June 16, 2020 at 3:12 pm
By Natural Resource Manager Jack Chappen
Here at MDIFW's Lands Program, we are tasked with creating, maintaining, and improving wildlife habitat on the state-owned Wildlife Management Areas for the benefit of Maine’s fish and wildlife populations. One of the most effective tools we have to accomplish this is a conventional timber harvest. It may seem contradictory in a state that is naturally almost completely forest, that cutting trees would create or improve wildlife habitat. However, it is a common misconception that all wildlife species need old-growth forest, or even forest at all, to survive. Different animals prefer different forest and vegetative conditions to survive. You wouldn’t find American woodcock seeking shelter in a mature hemlock forest or white-tailed deer overwintering in dense shrubby fields. Keeping habitat diversity in mind, we make sure to provide habitats as young as grassland fields, as old as mature hemlock forests, and every condition in between on our land base so as many different wildlife species can thrive as possible.
Much like any other living organism, forests grow and develop in distinct stages as well. Each stage is defined by age, the type of vegetation and tree species present, and the physical structure of the forest itself. Naturally, ecological disturbances such as wind, fire, or pest outbreaks can set a forest back to an earlier stage, or even the beginning of the forest succession cycle, depending on the severity. However, we can’t always wait for these disturbances to occur on our land base to create the habitat we need. Instead, we can utilize timber harvesting as a mock disturbance to set the forest back to an earlier stage or improve the habitat within a stage of forest development.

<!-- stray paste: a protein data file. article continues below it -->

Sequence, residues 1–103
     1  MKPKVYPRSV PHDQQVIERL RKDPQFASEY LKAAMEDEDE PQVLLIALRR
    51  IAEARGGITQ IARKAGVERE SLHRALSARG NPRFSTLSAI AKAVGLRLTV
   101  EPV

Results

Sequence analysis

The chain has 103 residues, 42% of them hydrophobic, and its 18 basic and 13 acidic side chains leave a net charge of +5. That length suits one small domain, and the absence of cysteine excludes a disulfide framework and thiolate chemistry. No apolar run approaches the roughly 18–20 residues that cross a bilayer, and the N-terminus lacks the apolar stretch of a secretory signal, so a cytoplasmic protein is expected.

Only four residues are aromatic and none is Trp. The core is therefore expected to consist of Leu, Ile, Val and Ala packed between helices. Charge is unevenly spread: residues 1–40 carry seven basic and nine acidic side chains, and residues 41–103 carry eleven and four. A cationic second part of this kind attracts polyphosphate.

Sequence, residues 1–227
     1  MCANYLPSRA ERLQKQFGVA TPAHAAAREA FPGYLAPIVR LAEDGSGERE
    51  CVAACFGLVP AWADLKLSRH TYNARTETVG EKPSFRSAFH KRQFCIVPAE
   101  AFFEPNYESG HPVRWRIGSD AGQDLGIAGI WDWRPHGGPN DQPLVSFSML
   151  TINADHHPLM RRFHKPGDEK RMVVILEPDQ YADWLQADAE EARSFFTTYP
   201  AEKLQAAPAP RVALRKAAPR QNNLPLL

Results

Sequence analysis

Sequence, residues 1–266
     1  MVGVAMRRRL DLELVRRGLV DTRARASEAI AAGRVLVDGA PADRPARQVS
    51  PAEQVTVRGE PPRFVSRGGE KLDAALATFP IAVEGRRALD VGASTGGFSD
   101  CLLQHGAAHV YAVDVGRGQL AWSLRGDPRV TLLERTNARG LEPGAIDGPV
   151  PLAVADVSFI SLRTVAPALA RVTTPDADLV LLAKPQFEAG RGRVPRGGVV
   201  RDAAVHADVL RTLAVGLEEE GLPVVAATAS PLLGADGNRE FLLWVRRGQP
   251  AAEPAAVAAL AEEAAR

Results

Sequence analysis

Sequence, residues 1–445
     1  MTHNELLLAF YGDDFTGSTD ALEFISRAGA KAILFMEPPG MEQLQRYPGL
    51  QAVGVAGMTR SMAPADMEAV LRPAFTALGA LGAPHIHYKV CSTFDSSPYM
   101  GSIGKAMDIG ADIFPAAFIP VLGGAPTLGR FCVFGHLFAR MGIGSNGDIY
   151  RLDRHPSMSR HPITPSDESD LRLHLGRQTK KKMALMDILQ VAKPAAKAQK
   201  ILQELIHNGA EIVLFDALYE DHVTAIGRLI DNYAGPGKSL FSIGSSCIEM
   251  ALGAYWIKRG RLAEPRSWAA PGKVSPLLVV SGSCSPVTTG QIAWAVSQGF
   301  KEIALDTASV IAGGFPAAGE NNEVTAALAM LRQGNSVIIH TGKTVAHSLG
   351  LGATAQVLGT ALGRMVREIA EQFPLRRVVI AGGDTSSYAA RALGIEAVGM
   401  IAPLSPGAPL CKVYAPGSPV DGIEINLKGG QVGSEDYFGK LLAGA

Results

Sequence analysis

To best provide the wildlife habitat needed on the landscape, we carefully choose where to employ certain timber harvesting techniques based upon the forest conditions we find on the ground. For example, areas with patches of mature aspen nearing the end of their lifespan, and no longer ideal ruffed grouse or woodcock habitat, would be cleared to create the dense young hardwood forest they prefer to use for protective cover. This harvest technique is also useful in areas of mature balsam fir that are beginning to die. Removing them releases the sapling sized trees below to become the thick softwood cover ideal for snowshoe hare and Canada lynx.
More selective harvesting techniques, like single tree selection, allow us to keep the forest in the same age stage but give more growing space to trees that we leave behind to grow bigger faster. Selectively removing trees around ones that produce nuts, like oak and beech, increases the amount of available food for wildlife due to the larger crowns they’ll be able to grow. A selective technique is also useful to reduce the amount of hardwood trees from softwood forests to improve winter habitat for deer. Removing some hardwood trees allows the crowns of the remaining softwood trees to expand and close canopy gaps to prevent deep snow depths. Meanwhile, the hardwood stump will sprout new shoots, providing a winter food source. This provides deer with safe winter cover and food in the same location, so they don’t have to expend precious energy searching for both.
When used thoughtfully, timber harvesting gives us the ability to create, maintain, and improve wildlife habitat in a sustainable fashion. Additionally, using a variety of different harvesting techniques will result in a diversity of different forest stages and conditions, not only within the same forest, but on our whole land base, providing habitat opportunities for all kinds of wildlife species across the state.